The vast majority of the borrowings, 95.3 billion yuan, are unsecured loans, which also exposes lenders in case Cinda faces any liquidity shortage.

Still, the company has relationships with over 100 banks in China without any single one having a major exposure, according to a person familiar with the IPO plans, limiting potential losses should any crunch occur.

Ultimately, analysts say, the company remains backed by the Chinese government, and concerns about its future liquidity would be overblown. After the IPO, the Ministry of Finance will own 69.6 percent of the company, compared with 83.5 percent before.

“The core point is it’s supported, or controlled, by the Chinese government and that gives it a very powerful backing in the market, no matter the lenders or borrowers,” said Xingyu Chen, a banking analyst at Phillip Securities in Shanghai. – Reuters

About bambooinnovator
Kee Koon Boon (“KB”) is the co-founder and director of HERO Investment Management which provides specialized fund management and investment advisory services to the ARCHEA Asia HERO Innovators Fund (, the only Asian SMID-cap tech-focused fund in the industry. KB is an internationally featured investor rooted in the principles of value investing for over a decade as a fund manager and analyst in the Asian capital markets who started his career at a boutique hedge fund in Singapore where he was with the firm since 2002 and was also part of the core investment committee in significantly outperforming the index in the 10-year-plus-old flagship Asian fund. He was also the portfolio manager for Asia-Pacific equities at Korea’s largest mutual fund company. Prior to setting up the H.E.R.O. Innovators Fund, KB was the Chief Investment Officer & CEO of a Singapore Registered Fund Management Company (RFMC) where he is responsible for listed Asian equity investments. KB had taught accounting at the Singapore Management University (SMU) as a faculty member and also pioneered the 15-week course on Accounting Fraud in Asia as an official module at SMU. KB remains grateful and honored to be invited by Singapore’s financial regulator Monetary Authority of Singapore (MAS) to present to their top management team about implementing a world’s first fact-based forward-looking fraud detection framework to bring about benefits for the capital markets in Singapore and for the public and investment community. KB also served the community in sharing his insights in writing articles about value investing and corporate governance in the media that include Business Times, Straits Times, Jakarta Post, Manual of Ideas, Investopedia, TedXWallStreet. He had also presented in top investment, banking and finance conferences in America, Italy, Sydney, Cape Town, HK, China. He has trained CEOs, entrepreneurs, CFOs, management executives in business strategy & business model innovation in Singapore, HK and China.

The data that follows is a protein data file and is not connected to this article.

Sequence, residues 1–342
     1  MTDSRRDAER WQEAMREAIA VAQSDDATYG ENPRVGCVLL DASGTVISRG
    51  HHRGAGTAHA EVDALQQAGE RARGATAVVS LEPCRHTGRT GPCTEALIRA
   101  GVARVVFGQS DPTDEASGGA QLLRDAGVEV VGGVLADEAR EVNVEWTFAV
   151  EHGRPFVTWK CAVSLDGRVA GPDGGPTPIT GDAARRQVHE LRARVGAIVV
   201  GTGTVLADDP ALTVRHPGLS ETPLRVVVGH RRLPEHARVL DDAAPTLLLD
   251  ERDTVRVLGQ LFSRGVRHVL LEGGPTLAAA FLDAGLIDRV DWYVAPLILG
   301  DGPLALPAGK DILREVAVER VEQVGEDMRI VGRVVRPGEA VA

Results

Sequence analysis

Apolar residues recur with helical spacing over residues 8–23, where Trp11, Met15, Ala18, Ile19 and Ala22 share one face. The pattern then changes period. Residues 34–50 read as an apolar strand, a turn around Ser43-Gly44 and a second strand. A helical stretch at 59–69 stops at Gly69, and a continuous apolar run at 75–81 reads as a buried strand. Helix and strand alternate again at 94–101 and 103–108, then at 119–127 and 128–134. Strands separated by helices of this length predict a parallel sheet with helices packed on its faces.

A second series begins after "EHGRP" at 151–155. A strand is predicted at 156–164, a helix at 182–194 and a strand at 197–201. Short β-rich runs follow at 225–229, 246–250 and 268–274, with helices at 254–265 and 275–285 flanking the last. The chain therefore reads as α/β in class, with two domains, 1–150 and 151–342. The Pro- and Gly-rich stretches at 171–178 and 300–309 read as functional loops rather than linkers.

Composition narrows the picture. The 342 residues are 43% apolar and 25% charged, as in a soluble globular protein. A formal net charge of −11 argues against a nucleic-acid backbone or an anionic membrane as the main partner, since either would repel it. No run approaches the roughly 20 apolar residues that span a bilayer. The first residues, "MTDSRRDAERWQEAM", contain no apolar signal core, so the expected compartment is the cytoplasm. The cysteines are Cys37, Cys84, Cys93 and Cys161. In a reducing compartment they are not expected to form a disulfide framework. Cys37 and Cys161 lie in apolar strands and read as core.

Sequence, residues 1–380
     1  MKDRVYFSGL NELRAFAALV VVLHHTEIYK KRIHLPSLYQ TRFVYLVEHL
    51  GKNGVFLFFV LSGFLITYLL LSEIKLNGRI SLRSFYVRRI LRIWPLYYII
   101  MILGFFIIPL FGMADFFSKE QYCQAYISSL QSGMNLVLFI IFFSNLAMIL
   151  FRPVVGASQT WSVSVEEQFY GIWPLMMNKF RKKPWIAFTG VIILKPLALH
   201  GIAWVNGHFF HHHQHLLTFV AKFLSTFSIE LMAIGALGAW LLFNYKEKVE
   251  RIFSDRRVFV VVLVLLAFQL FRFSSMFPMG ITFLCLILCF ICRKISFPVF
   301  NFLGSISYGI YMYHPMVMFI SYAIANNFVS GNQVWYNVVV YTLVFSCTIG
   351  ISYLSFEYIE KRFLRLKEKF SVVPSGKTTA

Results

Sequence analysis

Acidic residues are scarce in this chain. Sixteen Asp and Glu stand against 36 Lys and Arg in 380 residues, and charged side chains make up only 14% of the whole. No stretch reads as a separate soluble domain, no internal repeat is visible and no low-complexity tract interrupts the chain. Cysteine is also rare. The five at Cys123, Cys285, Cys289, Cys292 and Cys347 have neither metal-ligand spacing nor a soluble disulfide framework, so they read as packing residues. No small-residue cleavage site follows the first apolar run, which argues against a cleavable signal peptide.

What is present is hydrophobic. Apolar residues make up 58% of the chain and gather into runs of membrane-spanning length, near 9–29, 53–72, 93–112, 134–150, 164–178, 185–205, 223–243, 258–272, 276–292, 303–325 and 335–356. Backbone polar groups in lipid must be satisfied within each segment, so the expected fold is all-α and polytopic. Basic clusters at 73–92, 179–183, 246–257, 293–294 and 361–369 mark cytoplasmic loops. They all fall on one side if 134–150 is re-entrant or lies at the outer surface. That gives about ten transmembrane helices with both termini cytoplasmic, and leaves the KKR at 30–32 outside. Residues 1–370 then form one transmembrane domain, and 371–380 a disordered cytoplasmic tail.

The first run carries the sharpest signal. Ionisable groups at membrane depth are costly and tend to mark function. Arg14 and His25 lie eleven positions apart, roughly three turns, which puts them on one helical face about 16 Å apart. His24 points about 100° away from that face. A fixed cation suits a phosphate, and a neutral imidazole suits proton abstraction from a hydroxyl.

Leave a Reply

Fill in your details below or click an icon to log in: Logo

You are commenting using your account. Log Out /  Change )

Twitter picture

You are commenting using your Twitter account. Log Out /  Change )

Facebook photo

You are commenting using your Facebook account. Log Out /  Change )

Connecting to %s

%d bloggers like this: